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Endangered corpse flower blooms in Warsaw, drawing crowds

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The endangered Sumatran Titan arum, or the corpse flower, at the rare moment of bloom for just a few hours, and emitting rotten meat odor, at the Warsaw University Botanical Gardens, in Warsaw, Poland, on Sunday, June 13, 2021.

WARSAW, Poland — The endangered Sumatran Titan arum, a giant foul-smelling blossom also known as the corpse flower, went into a rare, short bloom at a botanical garden in Warsaw, drawing crowds who waited for hours to see it.

The extraordinary flower, which emits a dead-body odor to attract pollinating insects that feed on flesh, bloomed Sunday. It was already withering early Monday. Those wishing to avoid the smell and crowds could watch it on live video from the Warsaw University Botanical Gardens.

 The endangered Sumatran Titan arum, or the corpse flower, at the rare moment of bloom for just a few hours, and emitting rotten meat odor, at the Warsaw University Botanical Gardens, in Warsaw, Poland, on Sunday, June 13, 2021.
The endangered Sumatran Titan arum, or the corpse flower, at the rare moment of bloom for just a few hours and emitting a rotten meat odor, at the Warsaw University Botanical Gardens, on June 13, 2021.
AP

Hundreds, if not thousands, lined up long into the night Sunday and Monday morning at the conservatory just to be able to pass by the flower and take a picture.

Know also as the Amorphophallus titanum, the flowering plant has the largest unbranched inflorescence in the world, which can be up to 10 feet high. Its compound flower is composed of a hollow, tall spadix with small flowers and a spathe, with one big, furrowed petal that is green on the outside and deep burgundy red on the inside. It’s blooming is rare and unpredictable.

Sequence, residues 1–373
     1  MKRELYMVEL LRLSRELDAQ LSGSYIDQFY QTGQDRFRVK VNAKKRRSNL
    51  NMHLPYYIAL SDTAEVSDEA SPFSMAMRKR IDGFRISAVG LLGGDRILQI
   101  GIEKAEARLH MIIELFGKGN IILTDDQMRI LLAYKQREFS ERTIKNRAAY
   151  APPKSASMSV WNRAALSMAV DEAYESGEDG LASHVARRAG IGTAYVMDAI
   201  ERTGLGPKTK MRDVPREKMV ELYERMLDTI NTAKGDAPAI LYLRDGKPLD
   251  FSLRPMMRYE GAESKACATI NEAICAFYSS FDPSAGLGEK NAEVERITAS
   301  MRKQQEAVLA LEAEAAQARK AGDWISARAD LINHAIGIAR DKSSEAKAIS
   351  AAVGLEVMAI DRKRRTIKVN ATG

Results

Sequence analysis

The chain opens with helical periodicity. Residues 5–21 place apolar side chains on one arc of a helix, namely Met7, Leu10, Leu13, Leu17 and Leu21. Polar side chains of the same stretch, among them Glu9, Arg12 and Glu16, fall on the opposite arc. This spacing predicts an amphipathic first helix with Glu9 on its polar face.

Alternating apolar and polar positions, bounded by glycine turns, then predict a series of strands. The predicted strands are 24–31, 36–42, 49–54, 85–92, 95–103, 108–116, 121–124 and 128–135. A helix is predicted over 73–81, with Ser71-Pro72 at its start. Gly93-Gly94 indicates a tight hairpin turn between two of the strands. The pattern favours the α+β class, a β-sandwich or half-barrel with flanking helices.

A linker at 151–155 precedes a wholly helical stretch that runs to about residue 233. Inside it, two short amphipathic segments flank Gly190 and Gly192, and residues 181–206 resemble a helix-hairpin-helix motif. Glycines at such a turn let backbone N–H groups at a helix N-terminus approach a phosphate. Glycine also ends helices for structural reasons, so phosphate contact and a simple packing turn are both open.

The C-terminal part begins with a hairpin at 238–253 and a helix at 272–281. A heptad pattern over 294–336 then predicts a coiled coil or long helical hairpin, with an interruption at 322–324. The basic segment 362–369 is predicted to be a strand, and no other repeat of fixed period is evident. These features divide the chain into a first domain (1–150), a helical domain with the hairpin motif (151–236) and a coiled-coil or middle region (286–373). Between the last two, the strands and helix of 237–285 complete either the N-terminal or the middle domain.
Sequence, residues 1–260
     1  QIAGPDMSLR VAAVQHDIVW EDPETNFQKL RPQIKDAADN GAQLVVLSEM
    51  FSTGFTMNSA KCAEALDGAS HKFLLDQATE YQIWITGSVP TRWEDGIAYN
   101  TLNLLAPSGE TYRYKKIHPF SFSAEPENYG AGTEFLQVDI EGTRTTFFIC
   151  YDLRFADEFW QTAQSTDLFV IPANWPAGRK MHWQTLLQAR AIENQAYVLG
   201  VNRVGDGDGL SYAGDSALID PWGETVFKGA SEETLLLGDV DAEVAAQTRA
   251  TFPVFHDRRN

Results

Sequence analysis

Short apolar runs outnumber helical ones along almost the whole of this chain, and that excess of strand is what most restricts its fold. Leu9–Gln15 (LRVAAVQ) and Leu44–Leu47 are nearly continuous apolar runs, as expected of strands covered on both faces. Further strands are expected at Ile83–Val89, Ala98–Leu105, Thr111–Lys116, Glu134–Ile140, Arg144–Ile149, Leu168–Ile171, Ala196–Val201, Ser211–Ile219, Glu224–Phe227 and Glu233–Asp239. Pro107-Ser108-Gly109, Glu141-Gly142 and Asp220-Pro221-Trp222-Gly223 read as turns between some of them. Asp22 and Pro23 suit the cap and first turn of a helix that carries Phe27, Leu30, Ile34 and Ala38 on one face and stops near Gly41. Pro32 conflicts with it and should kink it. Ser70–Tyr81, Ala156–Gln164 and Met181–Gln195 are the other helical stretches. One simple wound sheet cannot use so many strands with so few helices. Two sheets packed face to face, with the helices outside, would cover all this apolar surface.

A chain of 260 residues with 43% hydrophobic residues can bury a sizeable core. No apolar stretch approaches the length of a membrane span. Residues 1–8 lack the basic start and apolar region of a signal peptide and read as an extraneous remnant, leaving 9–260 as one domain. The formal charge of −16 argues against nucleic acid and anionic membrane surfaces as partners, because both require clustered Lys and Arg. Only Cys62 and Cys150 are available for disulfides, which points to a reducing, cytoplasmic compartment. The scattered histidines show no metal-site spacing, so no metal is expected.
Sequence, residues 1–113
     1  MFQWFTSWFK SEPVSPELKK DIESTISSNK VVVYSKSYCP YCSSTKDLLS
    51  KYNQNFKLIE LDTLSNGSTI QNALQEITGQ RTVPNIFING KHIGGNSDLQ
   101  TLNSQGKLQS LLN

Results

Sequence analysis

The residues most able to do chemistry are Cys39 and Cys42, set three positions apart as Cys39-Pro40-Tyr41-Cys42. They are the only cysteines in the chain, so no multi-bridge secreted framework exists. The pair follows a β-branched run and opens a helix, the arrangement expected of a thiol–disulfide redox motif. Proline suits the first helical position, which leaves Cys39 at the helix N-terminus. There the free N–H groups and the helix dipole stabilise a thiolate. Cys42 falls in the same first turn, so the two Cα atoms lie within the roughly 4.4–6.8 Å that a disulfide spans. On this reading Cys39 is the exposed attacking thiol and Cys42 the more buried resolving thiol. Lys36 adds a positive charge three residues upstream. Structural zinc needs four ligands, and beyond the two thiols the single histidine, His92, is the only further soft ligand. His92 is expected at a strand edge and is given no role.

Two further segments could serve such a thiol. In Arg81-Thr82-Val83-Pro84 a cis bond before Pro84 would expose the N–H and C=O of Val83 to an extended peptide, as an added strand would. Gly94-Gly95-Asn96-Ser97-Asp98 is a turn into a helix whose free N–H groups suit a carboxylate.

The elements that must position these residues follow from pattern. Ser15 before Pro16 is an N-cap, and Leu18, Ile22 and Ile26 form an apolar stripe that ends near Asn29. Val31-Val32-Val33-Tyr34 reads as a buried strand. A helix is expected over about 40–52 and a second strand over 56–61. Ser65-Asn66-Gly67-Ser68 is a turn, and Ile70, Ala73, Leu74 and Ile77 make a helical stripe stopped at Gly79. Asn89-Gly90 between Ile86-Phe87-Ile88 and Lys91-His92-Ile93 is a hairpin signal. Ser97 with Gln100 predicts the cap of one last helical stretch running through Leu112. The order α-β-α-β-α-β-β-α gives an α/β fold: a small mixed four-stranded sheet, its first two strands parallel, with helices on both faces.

The plant only grows in the wild in the rainforests of Sumatra, but it is endangered there due to deforestation. Cultivation at botanical gardens, where they are a great visitor attraction, has helped its preservation. It’s first known blooming outside Sumatra was in 1889 at London’s Royal Botanical Gardens at Kew.

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Europe carbon prices expected to soar amid tougher climate goals

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Steam rises from the cooling towers of the coal power plant of RWE, one of Europe's biggest electricity and gas companies in Niederaussem, Germany, March 3, 2016.

LONDON – Carbon prices in the European Union’s emissions trading system are expected to rise significantly in the next decade due to tougher climate goals, market participants said in an industry survey published on Monday.

The EU’s emissions trading system (ETS) is the largest carbon market in the world, covering around 45% of the bloc’s output of greenhouse gases and charging emitters for every tonne of carbon dioxide they emit.

The survey by the International Emissions Trading Association (IETA) found members expect carbon prices in the EU ETS to average $57 a tonne between 2021 and 2025 and $71.06 a tonne between 2026 and 2030.

This is mainly due to a tougher EU goal of cutting emissions by at least 55% by 2030, compared to 1990 levels.

Last year’s survey predicted an average price of 31.71 euros a tonne for the third phase of the ETS which runs from 2021 to 2030. Benchmark prices in the ETS currently trade around $64.24 a tonne.

Britain’s domestic emissions trading scheme started trading in May this year. The majority of survey respondents expect it will link with the EU scheme by 2023.

Participants anticipate that the average global carbon price needed by 2030 to put the world on track to meet goals to curb global temperature rise is $76.61 a tonne, up from last year’s expectation of $67.84 a tonne.

IETA’s members include banks, exchanges and energy and industrial firms. The association received responses from 158 member representatives for the survey.